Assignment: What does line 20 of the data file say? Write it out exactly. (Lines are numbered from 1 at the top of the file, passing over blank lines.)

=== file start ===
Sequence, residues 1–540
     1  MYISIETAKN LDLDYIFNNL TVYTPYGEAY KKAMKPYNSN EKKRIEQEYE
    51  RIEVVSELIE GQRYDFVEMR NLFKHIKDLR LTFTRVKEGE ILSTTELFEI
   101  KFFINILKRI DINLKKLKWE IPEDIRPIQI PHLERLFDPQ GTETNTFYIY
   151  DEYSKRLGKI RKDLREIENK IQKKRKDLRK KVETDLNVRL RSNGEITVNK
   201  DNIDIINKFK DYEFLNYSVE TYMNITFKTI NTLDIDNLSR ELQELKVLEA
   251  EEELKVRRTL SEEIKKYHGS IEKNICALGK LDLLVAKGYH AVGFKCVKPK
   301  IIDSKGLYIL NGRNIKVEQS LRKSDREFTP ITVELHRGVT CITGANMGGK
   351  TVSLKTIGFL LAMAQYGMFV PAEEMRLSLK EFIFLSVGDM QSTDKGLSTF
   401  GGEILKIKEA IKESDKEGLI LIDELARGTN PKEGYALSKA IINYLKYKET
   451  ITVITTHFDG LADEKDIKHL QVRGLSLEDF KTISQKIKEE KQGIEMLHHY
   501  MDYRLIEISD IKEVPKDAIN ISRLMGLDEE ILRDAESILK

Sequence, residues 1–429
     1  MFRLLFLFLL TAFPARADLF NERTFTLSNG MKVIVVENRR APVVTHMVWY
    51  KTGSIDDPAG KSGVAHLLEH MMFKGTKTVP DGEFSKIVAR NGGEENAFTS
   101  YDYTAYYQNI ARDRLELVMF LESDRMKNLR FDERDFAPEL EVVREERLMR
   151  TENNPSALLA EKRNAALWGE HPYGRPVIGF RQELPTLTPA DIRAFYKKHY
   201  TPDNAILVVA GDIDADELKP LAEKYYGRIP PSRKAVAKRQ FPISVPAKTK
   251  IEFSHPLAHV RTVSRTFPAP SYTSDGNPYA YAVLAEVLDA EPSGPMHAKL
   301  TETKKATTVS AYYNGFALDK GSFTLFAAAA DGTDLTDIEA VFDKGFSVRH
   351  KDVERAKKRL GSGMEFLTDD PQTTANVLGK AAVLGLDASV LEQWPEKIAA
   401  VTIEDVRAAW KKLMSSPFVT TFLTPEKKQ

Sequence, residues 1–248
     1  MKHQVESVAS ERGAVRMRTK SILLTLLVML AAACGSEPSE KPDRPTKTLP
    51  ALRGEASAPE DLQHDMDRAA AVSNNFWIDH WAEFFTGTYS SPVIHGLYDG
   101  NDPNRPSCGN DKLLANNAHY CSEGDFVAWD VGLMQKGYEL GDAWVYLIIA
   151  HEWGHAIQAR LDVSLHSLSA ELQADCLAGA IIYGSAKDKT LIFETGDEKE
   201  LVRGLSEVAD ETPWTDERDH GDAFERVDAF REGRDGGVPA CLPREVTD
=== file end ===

   301  TETKKATTVS AYYNGFALDK GSFTLFAAAA DGTDLTDIEA VFDKGFSVRH